Single Identity vs Multiple Identities – what’s best for you?

Copyright the New Yorker Collection 1993. Peter Steiner From All rights reserved.

Since the New Yorker published their now-famous cartoon in 1993 (Fleishman, 2000the idea that no one knows who you are online has “run and run and run” (Cavna, 2013). Cartoonist Peter Steiner’s take on online identity marked the start of a debate between a single online identity or multiple.

A single online identity is a mirrored one, where online persona and activities match those offline. This would be true across platforms that you use, everything is concurrent and linked. This is easy to manage, as it doesn’t involve having to think about posts and activities. In this way, since an individual’s online identity will be similar to their offline identity, it is easier to trust that this individual is who they say they are. This does, however, have issues. If an individual has a single online identity and it is not tightly managed, it can damage their reputation, employment prospects or other aspects of their life. Although, some people believe in a different kind of single identity (Vronay, 2014). I talk a little bit more about this below.

An alternative is multiple online identities. This is effectively selecting what is relevant to a certain context and applying it. An example of this is using LinkedIn for professional updates, rather than personal, allowing a user to compartmentalise, and best promote themselves online. Separating your professional and private life is often touted as the best way to represent yourself online (BBC News, 2013). Having a blog where you represent yourself, and control your online identity is touted as a valuable tool too (TheEmployable, 2014). This, however, takes time for the user to consider material and a certain level of digital knowledge.

In conclusion, having multiple online identities offers a higher level of flexibility, but at cost. Until a single online identity can be centrally managed, manual multiple identities is the best way forward. There is also scope to introduce the issue of anonymous identities into the debate…(Krotoski, 2012)

Word Count: 329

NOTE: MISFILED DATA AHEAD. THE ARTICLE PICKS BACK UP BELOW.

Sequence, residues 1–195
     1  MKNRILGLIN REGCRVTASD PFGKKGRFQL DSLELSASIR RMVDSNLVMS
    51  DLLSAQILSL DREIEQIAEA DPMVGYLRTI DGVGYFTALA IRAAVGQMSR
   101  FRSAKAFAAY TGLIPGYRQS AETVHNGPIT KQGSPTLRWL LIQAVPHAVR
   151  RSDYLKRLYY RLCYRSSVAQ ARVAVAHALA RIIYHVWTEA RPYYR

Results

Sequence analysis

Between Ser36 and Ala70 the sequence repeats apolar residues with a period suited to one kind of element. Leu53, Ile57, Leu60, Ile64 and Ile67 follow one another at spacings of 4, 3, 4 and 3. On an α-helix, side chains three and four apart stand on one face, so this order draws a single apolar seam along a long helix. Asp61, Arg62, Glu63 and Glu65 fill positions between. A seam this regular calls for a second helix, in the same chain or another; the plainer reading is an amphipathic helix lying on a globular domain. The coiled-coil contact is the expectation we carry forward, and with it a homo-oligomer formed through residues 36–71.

Reference List;

BBC News. (2013). Is your virtual self employable?. [online] Available at: [Accessed 16 Apr. 2018].

Cavna, M. (2013). ‘Nobody Knows You’re a Dog’: At 20, Web cartoon as true as ever.. [online] Washington Post. Available at: [Accessed 16 Apr. 2018].

Fleishman, G. (2000). Cartoon Captures Spirit of the Internet. [online] Available at: [Accessed 16 Apr. 2018].

Krotoski, A. (2012). Online identity: is authenticity or anonymity more important?. [online] the Guardian. Available at: [Accessed 16 Apr. 2018].

TheEmployable. (2014). How blogging can help you get a job. [online] Available at: [Accessed 16 Apr. 2018].

Vronay, D. (2014). The Online Identity Crisis. [online] WIRED. Available at: [Accessed 16 Apr. 2018].






2 comments for “Single Identity vs Multiple Identities – what’s best for you?

  1. adamderann
    27th April 2018 at 1:07 pm

    I would like to have seen you consider that Digital Residency is a spectrum, not a binary choice YOU SPANNER

  2. 4th May 2018 at 7:32 pm

    Hey Tom,

    Great to read your perspective on single and multiple identities. Your “fill in the blanks” paragraph at the end was really inventive and engaging, for a blog post. I completely agree that having multiple online identities is beneficial, until a more efficient method of handling a single identity is available. In your voice note, you speak about how Vronay has suggested that online interactions are very different to real life situations, in terms of a single identity. It’s an interesting point as most of the time, people think of virtual life as more of an escape, but in this case real life interactions with different people allow you to keep conversations and feelings separate. Although some people just have a single online identity and this is deemed more trustworthy, it could also be a complete façade. What are your opinions on this single identity also being untrustworthy?


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